1. Inhalt
  2. Navigation
  3. Weitere Inhalte
  4. Metanavigation
  5. Suche
  6. Choose from 30 Languages

Ukraine

Ukraine's Naftogaz suspends payment to Russia

Ukraine's state-run energy company Naftogaz has called recently-raised Russian prices for natural gas unjustified, saying it has halted payments until rates can be negotiated. Naftogaz was already behind on its payments.

The chief executive of Naftogaz addressed his company's outstanding Russian gas bills in the domestic press on Saturday, claiming that payments were suspended until Kyiv and Moscow could agree to new prices.

Andriy Kobolev said it was unjustified and unacceptable that Ukrainian gas prices had risen from the discounted rate of $268.5 (193.3 euros) per 1,000 cubic meters to around $485 per 1,000 cubic meters.

"Accordingly, we have suspended payments for the period of the price negotiations," Kobolev was quoted as saying in an interview with Ukraine's Zerkalo Nedely newspaper. Naftogaz was already behind on its Russian bills, but had not formally announced a suspension of payments.

Typical natural gas prices for European countries stand between $370 and $380 per 1,000 cubic meters - Ukraine's former government under President Viktor Yanukovych enjoyed a discounted rate.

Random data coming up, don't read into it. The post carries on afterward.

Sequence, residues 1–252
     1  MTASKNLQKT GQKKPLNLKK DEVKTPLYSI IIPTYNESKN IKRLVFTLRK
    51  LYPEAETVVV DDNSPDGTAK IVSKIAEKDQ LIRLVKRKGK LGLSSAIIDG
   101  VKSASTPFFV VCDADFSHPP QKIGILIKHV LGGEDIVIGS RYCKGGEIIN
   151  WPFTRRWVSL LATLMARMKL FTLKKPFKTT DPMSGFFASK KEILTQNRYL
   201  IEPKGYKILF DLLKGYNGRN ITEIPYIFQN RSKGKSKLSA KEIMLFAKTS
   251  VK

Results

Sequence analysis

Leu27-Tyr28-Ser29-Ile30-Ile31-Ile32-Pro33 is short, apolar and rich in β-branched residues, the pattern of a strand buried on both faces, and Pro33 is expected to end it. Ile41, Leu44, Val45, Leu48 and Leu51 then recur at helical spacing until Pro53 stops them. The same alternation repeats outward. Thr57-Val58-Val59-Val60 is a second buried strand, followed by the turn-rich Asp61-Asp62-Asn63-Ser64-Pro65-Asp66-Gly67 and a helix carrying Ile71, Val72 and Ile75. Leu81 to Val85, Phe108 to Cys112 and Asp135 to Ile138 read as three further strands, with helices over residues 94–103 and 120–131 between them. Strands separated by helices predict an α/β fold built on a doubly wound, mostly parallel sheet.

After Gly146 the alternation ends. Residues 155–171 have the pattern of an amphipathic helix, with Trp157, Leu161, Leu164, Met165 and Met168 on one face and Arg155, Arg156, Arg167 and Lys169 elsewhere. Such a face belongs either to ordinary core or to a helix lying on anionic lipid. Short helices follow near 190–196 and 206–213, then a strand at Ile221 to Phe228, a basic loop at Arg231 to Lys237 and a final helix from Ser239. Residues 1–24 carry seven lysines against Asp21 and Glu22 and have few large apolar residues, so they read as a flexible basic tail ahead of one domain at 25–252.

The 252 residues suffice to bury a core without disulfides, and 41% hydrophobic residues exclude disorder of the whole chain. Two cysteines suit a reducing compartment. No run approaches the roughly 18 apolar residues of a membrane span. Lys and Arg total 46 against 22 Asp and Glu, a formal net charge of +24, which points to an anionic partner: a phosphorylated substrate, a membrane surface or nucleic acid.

Key transit country

Russia's Gazprom and President Vladimir Putin had already raised the issue of non-payment from Ukraine this week. On Thursday, Putin was quoted as saying he was " extremely concerned about the situation surrounding Ukraine's gas debt and the transit of gas to Europe." Gazprom put the total outstanding debt at $2.2 billion, saying Naftogaz had also missed the deadline for its March installment.

A large proportion of EU natural gas imports from Russia is pumped through Ukraine. In 2009, Russia stopped gas deliveries to Ukraine over unpaid bills, leading to some shortages elsewhere on the continent. The disruptions lasted just under two weeks. The US said one day after Gazprom first announced revised Ukrainian prices that it would help seek alternative sources of fossil fuels for the Russian neighbor.

Relations between Kyiv and Moscow have been pushed to breaking point, first by the unrest that led to a change of government in Ukraine, and then by the Crimea's contentious breakaway to join the Russian Federation.

msh/ng (AFP, Reuters)

DW recommends